These example sentences are selected automatically from various online news sources to reflect current usage of the word 'tolerate.' Views expressed in the examples do not represent the opinion of Merriam-Webster or its editors. Send us feedback.

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First Known Use of tolerate

1524, in the meaning defined at sense 2

History and Etymology for tolerate

Latin toleratus, past participle of tolerare to endure, put up with; akin to Old English tholian to bear, Latin tollere to lift up, latus carried (suppletive past participle of ferre), Greek tlēnai to bear

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Time Traveler for tolerate

Time Traveler

The first known use of tolerate was in 1524

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Statistics for tolerate

Last Updated

20 May 2020

Cite this Entry

“Tolerate.” Merriam-Webster.com Dictionary, Merriam-Webster, https://www.merriam-webster.com/dictionary/tolerate. Accessed 2 Jun. 2020.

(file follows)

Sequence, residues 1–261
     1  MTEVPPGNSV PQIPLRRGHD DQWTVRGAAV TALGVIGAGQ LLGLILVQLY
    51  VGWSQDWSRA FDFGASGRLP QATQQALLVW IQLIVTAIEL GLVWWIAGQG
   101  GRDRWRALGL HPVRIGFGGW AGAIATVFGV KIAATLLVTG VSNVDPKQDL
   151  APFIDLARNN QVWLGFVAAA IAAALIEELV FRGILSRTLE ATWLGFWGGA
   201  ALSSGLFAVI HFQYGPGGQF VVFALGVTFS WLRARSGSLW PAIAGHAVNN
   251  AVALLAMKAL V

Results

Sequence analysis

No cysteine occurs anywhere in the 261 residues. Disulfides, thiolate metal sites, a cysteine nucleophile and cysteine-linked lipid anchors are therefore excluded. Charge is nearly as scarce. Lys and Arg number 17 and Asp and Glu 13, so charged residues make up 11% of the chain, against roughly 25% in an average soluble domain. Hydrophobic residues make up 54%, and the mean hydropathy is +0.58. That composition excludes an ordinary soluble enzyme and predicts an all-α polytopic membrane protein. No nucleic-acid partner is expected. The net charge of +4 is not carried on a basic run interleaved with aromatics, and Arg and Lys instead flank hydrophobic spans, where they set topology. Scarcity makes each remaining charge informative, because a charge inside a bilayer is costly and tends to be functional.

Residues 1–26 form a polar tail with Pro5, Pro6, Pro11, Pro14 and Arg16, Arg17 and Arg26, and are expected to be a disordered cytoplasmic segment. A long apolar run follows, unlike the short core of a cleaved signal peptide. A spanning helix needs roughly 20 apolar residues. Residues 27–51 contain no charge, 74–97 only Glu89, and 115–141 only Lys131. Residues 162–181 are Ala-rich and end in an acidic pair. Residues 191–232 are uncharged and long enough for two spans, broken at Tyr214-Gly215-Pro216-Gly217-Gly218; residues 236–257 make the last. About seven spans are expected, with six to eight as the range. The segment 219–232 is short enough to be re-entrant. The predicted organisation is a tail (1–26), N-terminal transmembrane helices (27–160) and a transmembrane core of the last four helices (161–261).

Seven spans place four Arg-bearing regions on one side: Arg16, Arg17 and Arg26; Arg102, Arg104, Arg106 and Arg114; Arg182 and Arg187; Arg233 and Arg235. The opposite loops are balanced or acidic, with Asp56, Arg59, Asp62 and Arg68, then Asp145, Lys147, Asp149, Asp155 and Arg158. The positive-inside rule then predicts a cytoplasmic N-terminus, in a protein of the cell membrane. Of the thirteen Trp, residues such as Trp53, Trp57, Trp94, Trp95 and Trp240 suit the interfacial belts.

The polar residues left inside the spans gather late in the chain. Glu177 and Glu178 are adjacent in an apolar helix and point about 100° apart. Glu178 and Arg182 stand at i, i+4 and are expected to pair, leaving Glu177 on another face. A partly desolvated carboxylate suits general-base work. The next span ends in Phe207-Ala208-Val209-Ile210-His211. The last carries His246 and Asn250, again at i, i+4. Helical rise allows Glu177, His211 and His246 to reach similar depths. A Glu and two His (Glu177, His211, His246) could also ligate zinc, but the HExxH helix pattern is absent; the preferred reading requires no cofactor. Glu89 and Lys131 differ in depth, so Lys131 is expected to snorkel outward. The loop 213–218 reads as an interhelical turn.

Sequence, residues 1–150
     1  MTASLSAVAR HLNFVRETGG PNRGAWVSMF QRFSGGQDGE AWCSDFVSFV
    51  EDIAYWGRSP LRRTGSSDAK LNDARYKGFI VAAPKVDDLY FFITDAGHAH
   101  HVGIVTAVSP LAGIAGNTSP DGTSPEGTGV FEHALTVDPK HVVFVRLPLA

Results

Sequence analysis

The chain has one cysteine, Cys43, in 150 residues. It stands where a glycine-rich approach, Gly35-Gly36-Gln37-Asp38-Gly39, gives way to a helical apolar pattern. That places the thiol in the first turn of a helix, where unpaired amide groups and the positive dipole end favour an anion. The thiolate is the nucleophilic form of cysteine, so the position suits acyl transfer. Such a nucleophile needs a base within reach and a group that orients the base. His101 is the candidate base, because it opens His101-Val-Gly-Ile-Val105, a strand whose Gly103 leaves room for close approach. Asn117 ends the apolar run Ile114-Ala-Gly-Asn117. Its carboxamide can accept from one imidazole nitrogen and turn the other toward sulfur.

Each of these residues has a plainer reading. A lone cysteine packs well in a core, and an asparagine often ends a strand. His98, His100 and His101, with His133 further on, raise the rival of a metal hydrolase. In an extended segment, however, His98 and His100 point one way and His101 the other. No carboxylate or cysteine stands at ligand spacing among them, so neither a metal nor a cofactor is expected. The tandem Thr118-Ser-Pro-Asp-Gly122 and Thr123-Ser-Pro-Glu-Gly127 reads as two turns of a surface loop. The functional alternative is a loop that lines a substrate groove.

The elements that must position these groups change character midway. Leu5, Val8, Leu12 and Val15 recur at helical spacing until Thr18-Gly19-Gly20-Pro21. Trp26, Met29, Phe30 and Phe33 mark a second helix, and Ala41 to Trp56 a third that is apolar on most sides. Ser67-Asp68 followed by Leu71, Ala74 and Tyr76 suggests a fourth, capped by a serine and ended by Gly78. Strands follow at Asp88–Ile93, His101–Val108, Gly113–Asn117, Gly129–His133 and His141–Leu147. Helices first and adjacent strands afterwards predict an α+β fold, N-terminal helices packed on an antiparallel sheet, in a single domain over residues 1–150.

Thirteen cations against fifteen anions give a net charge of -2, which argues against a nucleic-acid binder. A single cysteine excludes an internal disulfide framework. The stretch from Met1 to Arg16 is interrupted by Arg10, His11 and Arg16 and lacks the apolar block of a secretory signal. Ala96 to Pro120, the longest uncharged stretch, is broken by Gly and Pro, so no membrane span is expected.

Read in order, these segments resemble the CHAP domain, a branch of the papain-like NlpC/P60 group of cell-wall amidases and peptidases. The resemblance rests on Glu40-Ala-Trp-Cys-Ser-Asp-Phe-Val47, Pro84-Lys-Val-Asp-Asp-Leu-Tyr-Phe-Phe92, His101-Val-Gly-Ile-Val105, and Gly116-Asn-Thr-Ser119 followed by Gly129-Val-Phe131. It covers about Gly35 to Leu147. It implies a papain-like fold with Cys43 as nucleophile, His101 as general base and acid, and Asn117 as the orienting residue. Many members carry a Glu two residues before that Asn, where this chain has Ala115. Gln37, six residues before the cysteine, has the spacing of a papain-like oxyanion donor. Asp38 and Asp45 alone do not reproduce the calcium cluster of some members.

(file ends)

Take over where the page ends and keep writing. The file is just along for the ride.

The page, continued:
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More Definitions for tolerate

tolerate

verb
How to pronounce tolerate (audio)

English Language Learners Definition of tolerate

: to allow (something that is bad, unpleasant, etc.) to exist, happen, or be done
: to experience (something harmful or unpleasant) without being harmed
: to accept the feelings, behavior, or beliefs of (someone)

tolerate

verb
tol·​er·​ate | \ ˈtä-lə-ˌrāt How to pronounce tolerate (audio) \
tolerated; tolerating

Kids Definition of tolerate

1 : to allow something to be or to be done without making a move to stop it Our teacher will tolerate a certain amount of giggling.
2 : to stand the action of These plants tolerate drought well.
tol·​er·​ate | \ ˈtäl-ə-ˌrāt How to pronounce tolerate (audio) \
tolerated; tolerating

Medical Definition of tolerate

: to endure or resist the action of (as a drug or food) without serious side effects or discomfort : exhibit physiological tolerance for a premature baby…does not tolerate fats very well— H. R. Litchfield & L. H. Dembo

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Comments on tolerate